Doe Paoro: Born Whole and Going Forth (Via Alt Citizen Magazine)

(UPDATED: Here is the full interview with Doe Paoro, originally premiered in Alt Citizen)

Doe Paoro: Born Whole and Going Forth

I first heard about Doe Paoro in early December 2011. Feeling slightly jaded by some of the reimaginings of folk and soul music being thrust upon me, I wasn’t sure what to think of the music described as ‘ghost soul,’ but gave it a listen.

I’m so glad I did. From the emergent understanding of sound and silence in music, to the articulation of emotion in “Can’t Leave You”, I was hooked. The art direction in the song’s video–beautiful. The rest of Slow to Love–refreshing. Her journey has been so wild since then I thought I would catch up for an interview.

I feel that SO much has happened in less than a year–amazing! Let’s start with the second album. When did you start working on ideas for it? Slow to Love was so great, I have to say I am interested in what direction your next album will go in.

I’ve been writing songs for this next album since we finished Slow to Love. I try to stay in constant process. Conceptually, the new album is a natural continuation of the first – exploring the soul and nature, the cyclical rhythm of time, and love continues to be my muse. Sonically, we are focusing more on the abstract R&B elements from Slow to Love.

The Dreambear shoot looks beautiful. When is that coming out? Unless it is and I just could not find it.

Thanks! The first video from Dreambear will premiere late February-early March.

The mashup with you, Ellie Goulding, and Kanye was pretty interesting. “Born Whole” had such a good vibe. Are there any other mashups people have done with your stuff that stand out to you?

That is the first mashup that I’ve heard. We have a few remixes because I released the stems to “Born Whole” on our Soundcloud. Chuck Criss of The Freelance Whales just remixed “I’ll Go Blind” […] and it’s definitely got a vibe.

So, big news–how did you Lasse Mårtén and Van Rivers come into the picture?

Lasse mixed “Can’t Leave You” for us on Slow to Love. He is based out of Stockholm and when he came to New York, we finally met in person and discussed working together on the second album, and here I am a year later in his studio in Stockholm. The White Iris Record Label approached us about making a vinyl with them, and they set me up with Van Rivers as the
producer. I had never met him before, but I have a feeling this won’t be the last time we work together—I’m inspired by his work. We’re creating something that I haven’t heard before, and I couldn’t be more excited about the two songs we made together with Adam (my main writing partner, plays keys in the band). The vinyl comes out on June 4th.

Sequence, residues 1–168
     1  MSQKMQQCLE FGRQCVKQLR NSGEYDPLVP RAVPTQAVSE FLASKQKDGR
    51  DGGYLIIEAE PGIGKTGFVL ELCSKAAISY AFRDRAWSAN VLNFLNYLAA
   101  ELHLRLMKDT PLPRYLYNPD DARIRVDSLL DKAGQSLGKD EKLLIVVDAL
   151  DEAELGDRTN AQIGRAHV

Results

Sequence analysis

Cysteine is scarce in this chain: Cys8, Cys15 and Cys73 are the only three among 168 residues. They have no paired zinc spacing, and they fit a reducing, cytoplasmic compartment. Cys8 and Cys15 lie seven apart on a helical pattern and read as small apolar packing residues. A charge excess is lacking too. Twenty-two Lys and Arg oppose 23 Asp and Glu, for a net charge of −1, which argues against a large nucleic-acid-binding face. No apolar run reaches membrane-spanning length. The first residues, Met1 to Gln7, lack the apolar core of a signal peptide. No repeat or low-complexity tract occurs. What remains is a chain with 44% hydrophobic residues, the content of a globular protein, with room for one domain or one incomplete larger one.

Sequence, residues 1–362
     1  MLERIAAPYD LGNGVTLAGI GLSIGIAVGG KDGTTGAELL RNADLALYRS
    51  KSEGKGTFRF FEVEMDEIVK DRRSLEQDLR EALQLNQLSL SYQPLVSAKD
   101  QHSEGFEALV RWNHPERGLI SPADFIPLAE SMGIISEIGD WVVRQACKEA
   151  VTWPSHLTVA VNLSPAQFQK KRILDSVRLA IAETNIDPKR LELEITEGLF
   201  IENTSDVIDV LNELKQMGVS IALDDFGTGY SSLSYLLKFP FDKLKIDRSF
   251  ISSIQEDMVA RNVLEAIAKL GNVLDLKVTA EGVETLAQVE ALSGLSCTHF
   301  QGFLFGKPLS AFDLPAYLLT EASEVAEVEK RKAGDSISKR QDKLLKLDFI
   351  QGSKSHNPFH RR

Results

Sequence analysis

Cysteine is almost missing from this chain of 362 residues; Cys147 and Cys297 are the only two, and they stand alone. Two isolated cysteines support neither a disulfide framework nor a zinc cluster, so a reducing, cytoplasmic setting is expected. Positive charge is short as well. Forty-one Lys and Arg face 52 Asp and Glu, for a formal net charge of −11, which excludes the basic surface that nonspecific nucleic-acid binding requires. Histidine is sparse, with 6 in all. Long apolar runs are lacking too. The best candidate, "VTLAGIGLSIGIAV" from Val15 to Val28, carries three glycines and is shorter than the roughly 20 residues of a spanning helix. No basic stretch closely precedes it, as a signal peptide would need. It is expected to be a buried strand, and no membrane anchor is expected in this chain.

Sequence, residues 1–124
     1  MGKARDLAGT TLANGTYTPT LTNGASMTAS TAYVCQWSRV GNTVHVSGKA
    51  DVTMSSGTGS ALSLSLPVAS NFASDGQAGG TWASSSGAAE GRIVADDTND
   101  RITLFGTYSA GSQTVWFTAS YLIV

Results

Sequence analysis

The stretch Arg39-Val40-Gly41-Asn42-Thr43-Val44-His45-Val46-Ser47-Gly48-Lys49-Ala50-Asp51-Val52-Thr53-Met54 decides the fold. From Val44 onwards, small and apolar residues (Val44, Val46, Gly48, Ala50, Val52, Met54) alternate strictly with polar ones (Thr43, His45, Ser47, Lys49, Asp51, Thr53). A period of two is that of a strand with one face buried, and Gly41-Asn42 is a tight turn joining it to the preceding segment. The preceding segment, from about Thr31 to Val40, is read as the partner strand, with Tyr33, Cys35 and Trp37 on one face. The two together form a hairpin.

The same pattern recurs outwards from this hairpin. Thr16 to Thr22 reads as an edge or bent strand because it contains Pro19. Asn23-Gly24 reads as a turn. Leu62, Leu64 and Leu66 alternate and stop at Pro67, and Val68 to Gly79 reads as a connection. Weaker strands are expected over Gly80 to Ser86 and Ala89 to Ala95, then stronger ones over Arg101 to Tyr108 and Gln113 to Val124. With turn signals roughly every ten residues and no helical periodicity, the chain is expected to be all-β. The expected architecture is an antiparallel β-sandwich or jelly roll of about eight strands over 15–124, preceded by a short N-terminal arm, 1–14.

I’m moving the focus of my blog a little. I feel that it’s important for musicians to reach out to one another and share their experiences, which I hope to share there. What has your experience been with everything–the publishing, recording, writing music with others, working with different people in the business. Do you have any advice for others? Also, is it difficult or liberating to be collaborating on songwriting?

The music industry is in such an extreme moment of transition that it’s a bit tricky–people seem to be either panicking when it comes to business or seeing this interesting moment opportunistically. I’m not going to lie–I struggle with the business of side things because I’m a trusting person. My advice to any musician dealing with business is to know exactly what you want to accomplish with your music–what are you trying to say, and how you want to present it–because the more people that get involved, the more likely you are to distill your original mission. And as difficult as it is, try to be patient to do your due diligence to let the right ones in.

I remember talking to you about sticking to your songs on your previous album and not changing your artistic vision. How do you feel this has helped you move along?

As regards songwriting collaborations, it’s always a coin toss. I just try to stay present and pick up a few tricks here and there, seeing others’ processes. You never know. I love writing with Adam–it flows with him. Too often artists become so inspired by others that we forget that creating is all about expressing our own unique experience in these bodies. Anything short of that and you’ve sold yourself out. Why try to tell someone else’s story or imitate someone else’s voice when you are sitting on gold? I think this comes through in our music.

Another big news point: When I listened to “Can’t Leave You,” I immediately thought of Bon Iver, which I also remember talking to you about! And now Justin Vernon is involved in your new music. How did this happen? This is so wonderful!

Thanks! Adam and I wrote a song together in the days following Hurricane [Sandy] in New York. It was a strange time–the trains weren’t running, power was out, and nature was just hanging out in full heaviness. The song is so simple, but we were both tapped into some intense field when we wrote it and felt it had something special. We were looking for the right person to produce it. and I played it for a few people and heard the same thing twice–Bon Iver. I had no expectations but thought to send it to his manager. He wrote me back and said that they really liked the song, and Justin was down to produce it.

And if you can’t get enough of Doe Paoro until the new album, check out this song “Give Give Give,” live at the Bowery Hotel.

Doe Paoro

Story by Farah Joan Fard,
Photos by Anjia Jalac


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